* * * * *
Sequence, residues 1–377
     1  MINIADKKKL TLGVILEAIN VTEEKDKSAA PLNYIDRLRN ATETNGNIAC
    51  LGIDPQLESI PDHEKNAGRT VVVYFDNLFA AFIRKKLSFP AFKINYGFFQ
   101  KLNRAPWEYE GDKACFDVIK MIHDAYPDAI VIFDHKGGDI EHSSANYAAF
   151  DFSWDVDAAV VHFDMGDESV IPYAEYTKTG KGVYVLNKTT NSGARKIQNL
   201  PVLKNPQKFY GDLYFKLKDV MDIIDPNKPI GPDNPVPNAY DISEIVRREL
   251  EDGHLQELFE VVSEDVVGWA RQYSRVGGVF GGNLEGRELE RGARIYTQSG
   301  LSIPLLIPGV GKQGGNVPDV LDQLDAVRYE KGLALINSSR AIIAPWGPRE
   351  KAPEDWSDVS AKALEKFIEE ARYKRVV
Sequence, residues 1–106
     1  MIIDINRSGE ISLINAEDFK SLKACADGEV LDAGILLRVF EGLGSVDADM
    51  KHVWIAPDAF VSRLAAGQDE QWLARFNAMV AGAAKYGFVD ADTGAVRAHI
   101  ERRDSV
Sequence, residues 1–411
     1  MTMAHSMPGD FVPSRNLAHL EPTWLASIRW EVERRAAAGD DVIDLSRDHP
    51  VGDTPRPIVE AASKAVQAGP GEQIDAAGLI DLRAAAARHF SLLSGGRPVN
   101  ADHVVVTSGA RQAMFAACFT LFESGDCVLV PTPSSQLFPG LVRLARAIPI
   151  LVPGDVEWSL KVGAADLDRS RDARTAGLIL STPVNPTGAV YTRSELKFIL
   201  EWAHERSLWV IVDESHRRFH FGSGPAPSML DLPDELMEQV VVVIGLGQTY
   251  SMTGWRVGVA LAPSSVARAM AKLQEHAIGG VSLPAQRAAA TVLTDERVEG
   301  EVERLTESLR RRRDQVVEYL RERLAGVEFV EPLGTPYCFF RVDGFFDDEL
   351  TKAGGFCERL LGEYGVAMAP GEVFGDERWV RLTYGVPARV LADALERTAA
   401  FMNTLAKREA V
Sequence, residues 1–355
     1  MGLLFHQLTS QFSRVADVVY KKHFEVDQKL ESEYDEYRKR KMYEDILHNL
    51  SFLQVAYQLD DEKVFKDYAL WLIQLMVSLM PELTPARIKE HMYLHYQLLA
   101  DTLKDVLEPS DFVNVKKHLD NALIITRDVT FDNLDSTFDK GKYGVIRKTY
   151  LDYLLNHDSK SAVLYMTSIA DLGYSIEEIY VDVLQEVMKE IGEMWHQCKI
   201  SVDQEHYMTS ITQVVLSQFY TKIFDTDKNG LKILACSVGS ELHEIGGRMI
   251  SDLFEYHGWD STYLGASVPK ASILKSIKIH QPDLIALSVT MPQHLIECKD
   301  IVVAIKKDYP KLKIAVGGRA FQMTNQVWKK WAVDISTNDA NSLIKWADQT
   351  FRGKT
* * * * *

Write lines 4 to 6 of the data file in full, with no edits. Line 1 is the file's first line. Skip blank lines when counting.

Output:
   101  KLNRAPWEYE GDKACFDVIK MIHDAYPDAI VIFDHKGGDI EHSSANYAAF
   151  DFSWDVDAAV VHFDMGDESV IPYAEYTKTG KGVYVLNKTT NSGARKIQNL
   201  PVLKNPQKFY GDLYFKLKDV MDIIDPNKPI GPDNPVPNAY DISEIVRREL